How To: Import Your Health Records onto Your iPhone

Mobile phones are not only essential for work and communication, they're quickly becoming an integral asset to our health. Your iPhone can store valuable data about fitness, nutrition, heart health, and so much more. And since iOS 11.3, your iPhone can even import a list of allergies, medications, immunizations, hospital visits, and other health information from your doctor or hospital.

How To: Tether Your Nexus 5 Without Your Carrier Knowing

It used to be easy to hack tethering—root your device and install a third-party or modded tethering app. But snuck in amongst the changes in Android 4.3, a new data-monitoring service of sorts made its debut. There used to be a time when your data connection was yours. You paid for it, so you were free to use it for whatever you wanted. Unfortunately, those days are long gone.

Locking Down Linux: Using Ubuntu as Your Primary OS, Part 2 (Network Attack Defense)

After installing Ubuntu as your primary OS, you should have protected against USB Rubber Ducky payloads, defended against hard drive forensics, and reduced the overall attack surface against physical strikes. When defending against network-based attacks, you'll want to minimize hardware disclosures, prevent packet sniffers, harden firewall rules, and much more.

News: Verizon Caves to Demand for Unlimited Data Plans, Makes Customers Happy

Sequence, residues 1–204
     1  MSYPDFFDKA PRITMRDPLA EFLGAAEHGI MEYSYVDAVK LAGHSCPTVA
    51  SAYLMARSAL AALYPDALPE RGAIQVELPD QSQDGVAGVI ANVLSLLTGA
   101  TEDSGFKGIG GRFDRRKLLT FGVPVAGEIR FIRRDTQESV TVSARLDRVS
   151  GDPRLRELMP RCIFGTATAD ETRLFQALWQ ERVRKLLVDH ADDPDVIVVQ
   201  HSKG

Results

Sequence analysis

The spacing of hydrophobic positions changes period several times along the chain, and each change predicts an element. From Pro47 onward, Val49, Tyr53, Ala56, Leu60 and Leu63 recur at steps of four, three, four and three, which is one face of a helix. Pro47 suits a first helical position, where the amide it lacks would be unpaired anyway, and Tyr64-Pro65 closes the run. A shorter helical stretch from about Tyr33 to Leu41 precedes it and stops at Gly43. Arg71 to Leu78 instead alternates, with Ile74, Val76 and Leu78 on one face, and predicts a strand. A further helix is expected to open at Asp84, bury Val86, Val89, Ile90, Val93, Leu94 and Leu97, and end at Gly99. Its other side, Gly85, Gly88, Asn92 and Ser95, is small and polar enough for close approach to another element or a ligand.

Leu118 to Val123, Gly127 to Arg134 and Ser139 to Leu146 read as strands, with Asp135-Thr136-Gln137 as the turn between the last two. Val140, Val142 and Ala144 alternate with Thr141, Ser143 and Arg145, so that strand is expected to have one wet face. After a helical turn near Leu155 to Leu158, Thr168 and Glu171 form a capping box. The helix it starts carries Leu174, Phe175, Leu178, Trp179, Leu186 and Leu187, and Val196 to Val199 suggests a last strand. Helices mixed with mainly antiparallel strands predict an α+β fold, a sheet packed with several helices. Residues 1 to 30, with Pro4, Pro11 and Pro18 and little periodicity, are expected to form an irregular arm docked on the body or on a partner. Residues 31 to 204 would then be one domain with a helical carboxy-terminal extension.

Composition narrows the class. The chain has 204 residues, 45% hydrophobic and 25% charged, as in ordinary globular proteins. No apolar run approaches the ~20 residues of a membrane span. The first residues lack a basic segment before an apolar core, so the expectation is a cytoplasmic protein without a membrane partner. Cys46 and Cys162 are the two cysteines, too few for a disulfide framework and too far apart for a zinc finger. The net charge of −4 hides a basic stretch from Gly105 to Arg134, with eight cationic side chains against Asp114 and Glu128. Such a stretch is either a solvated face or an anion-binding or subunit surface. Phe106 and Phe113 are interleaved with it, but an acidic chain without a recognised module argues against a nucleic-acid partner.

Verizon has long been king in the wireless provider market, but recently it has had to step up its game in the data department. A limited data plan — with supposedly superior service — was no longer cutting it for customers. Many of whom left to take up the sweet, sweet offers of competitors like Sprint and T-Mobile. This past fiscal year, Verizon had a net loss of customers in the first quarter. Something that has never happened to them before.

How To: Remove the Boot-Up Sound on Your Galaxy S6

Mobile service providers have an uncomfortably strong grip on the Android platform as a whole. For instance, all four U.S. versions of the Galaxy S6 and S6 Edge play their carrier's obnoxious jingle every time they boot up. You don't get any say in the matter—if you buy your phone from one of the big 4, you're a walking audible billboard.

How To: VPN Your IoT & Media Devices with a Raspberry Pi PIA Routertraffic

Virtual private networks, or VPNs, are popular for helping you stay anonymous online by changing your IP address, encrypting traffic, and hiding your location. However, common IoT devices, media players, and smart TVs are hard to connect to a VPN, but we have a solution: Turn a Raspberry Pi into a router running through PIA VPN, which will ensure every connected device gets the VPN treatment.

How To: Turn Off Amber Alerts on Your iPhone, Plus Emergency, Public Safety & Other Government Warnings

Amber, emergency, and public safety alerts on an iPhone are loud — startle-you-to-death loud even. They can happen at any time, day or night, and sometimes back to back when you're in a big city. Those blaring sirens can wake you from sleep, interrupt an important meeting, or disrupt an entire movie theater mid-movie, but you can turn most of them off if you're tired of hearing them.